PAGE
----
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When I first opened CrossFit GVA in 2011, programming workouts was something of an afterthought.
By 2011, CrossFit had been around already for a few years in the USA and the CrossFit Games had already developed into the major event it is today.
However, CrossFit was still virtually unknown in Switzerland. We had lots of people coming to try CrossFit who had a fitness/gym background and were in good shape, but had very little experience of weightlifting, gymnastics and other CrossFit staple movements.
Back in 2012, it wasn’t uncommon for us to program on the fly based on the number of people in the class and their ability. There was no bigger picture approach to how we programmed. We just wanted to try get people moving better and improving.
After a while we realised that a scatter gun approach to programming was doing a disservice to our members. A random approach produces random results and we needed a systematic plan to help people reach their fitness goals. My feeling was that our members lacked the basic strength to attack many workouts, so we designed a strength based approach to our programming.
We would start off each session with a basic movement like the squat, deadlift or press and follow up with a metcon of some description. This approach worked well, although it was a bit limited in scope. In order to combat this, we added in more skill work along the lines of gymnastics.
We got to the point where I released this video talking about how our program had evolved.
In 2014, Tristan joined CrossFit GVA. Tristan studied in Lyon and gained a masters degree in strength and conditioning. His focus has always been on the science of programming. How can we understand athlete performance? How can we identify weaknesses and improve upon them? Why does this athlete have a sub 4 minute Fran time, but struggles with a longer workout like Cindy (20 minutes AMRAP of 5 pull-ups, 10 push ups, 15 air squats).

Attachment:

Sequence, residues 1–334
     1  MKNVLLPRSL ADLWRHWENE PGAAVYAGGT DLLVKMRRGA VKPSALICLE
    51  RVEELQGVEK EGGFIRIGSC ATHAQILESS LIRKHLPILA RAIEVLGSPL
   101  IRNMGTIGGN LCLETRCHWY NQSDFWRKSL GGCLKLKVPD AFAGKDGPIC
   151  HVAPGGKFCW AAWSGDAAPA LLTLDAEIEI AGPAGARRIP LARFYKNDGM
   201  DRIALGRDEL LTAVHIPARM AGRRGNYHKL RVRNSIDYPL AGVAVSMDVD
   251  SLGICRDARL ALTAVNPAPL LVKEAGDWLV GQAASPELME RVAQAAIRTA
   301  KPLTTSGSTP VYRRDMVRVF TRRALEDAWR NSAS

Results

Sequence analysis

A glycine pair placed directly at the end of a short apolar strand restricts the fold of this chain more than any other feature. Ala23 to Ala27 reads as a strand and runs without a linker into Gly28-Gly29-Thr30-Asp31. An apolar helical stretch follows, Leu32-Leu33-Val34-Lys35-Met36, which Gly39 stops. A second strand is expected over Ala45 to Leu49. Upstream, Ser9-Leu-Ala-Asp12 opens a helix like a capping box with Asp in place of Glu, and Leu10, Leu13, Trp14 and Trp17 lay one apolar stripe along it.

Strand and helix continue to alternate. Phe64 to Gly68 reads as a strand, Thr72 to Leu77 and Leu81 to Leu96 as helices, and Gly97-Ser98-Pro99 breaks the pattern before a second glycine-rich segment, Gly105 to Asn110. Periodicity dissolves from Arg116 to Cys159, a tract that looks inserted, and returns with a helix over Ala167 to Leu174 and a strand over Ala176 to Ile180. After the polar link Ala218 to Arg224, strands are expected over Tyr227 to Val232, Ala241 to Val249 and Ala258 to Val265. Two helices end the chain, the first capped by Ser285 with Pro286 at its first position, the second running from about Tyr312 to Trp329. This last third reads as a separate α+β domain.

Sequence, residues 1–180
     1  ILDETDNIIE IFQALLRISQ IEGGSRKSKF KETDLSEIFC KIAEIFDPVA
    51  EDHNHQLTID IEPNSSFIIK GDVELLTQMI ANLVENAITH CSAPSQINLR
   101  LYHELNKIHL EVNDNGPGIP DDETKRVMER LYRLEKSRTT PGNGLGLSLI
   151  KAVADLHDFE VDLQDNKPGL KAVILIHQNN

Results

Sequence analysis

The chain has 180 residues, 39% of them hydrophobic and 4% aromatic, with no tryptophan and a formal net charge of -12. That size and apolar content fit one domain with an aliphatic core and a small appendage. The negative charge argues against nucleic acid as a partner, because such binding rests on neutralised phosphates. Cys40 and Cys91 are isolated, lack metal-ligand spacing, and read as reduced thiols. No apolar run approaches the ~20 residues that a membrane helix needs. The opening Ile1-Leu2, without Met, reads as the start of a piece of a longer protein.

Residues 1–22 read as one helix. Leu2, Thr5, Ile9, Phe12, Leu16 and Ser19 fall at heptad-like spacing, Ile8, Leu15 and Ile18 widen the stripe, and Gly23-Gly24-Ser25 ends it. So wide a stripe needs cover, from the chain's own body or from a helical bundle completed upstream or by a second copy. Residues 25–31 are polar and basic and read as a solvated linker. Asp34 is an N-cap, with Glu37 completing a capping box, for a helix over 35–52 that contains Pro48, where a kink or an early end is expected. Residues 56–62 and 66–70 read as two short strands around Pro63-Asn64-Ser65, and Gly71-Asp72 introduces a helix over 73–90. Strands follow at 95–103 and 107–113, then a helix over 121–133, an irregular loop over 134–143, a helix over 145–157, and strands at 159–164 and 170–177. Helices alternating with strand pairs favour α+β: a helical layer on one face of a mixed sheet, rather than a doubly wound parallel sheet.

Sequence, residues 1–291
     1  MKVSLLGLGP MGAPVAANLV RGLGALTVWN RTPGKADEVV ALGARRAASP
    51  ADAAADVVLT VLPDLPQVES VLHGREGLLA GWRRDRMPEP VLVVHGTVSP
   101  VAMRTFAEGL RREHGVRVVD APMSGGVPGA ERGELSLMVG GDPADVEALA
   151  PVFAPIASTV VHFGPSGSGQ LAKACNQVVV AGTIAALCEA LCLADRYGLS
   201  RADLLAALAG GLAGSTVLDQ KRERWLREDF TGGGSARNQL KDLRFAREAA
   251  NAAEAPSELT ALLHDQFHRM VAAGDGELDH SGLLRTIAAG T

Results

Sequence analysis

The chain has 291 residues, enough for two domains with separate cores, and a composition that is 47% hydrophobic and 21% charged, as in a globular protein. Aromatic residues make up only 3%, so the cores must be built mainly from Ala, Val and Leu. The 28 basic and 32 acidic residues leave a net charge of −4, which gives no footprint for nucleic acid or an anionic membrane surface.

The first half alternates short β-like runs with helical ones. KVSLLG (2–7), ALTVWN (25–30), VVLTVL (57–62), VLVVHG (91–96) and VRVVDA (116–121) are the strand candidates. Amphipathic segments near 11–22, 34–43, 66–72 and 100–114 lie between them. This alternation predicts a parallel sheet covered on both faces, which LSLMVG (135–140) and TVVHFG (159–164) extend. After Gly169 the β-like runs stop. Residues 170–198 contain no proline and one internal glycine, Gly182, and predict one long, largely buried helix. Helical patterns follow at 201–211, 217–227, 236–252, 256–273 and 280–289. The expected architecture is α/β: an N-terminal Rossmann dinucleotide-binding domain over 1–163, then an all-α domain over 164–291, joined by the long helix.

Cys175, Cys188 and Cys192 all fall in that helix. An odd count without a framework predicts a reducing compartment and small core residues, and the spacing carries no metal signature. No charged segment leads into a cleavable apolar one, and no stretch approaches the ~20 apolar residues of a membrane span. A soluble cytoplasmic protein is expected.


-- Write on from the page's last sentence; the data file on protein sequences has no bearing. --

The answers to these questions come in the form of human physiology and sports science. As CrossFit as a sport has evolved, the best athletes have realised this and are taking a very precise approach to their training.
Tristan pushed us to move towards a similar approach to our group training. He was heavily influenced not only by his studies but his experience with OPEX. OPEX is a company founded by the winner of the first ever CrossFit Games, James Fitzgerald. Fitzgerald is widely recognised as one of the foremost thinkers and educators in the field of CrossFit performance.
We were also getting feedback from frustrated members who felt like their progress had stalled and needed a change.
We wanted to implement the lessons we were learning from the top coaches in the CrossFit world but in a way that was relevant to our athletes and their needs and abilities.
Earlier this year, we hired Tristan full time and put him in charge of the programming.
In part 2 tomorrow we will go into some of the changes that have arrived since Tristan took over.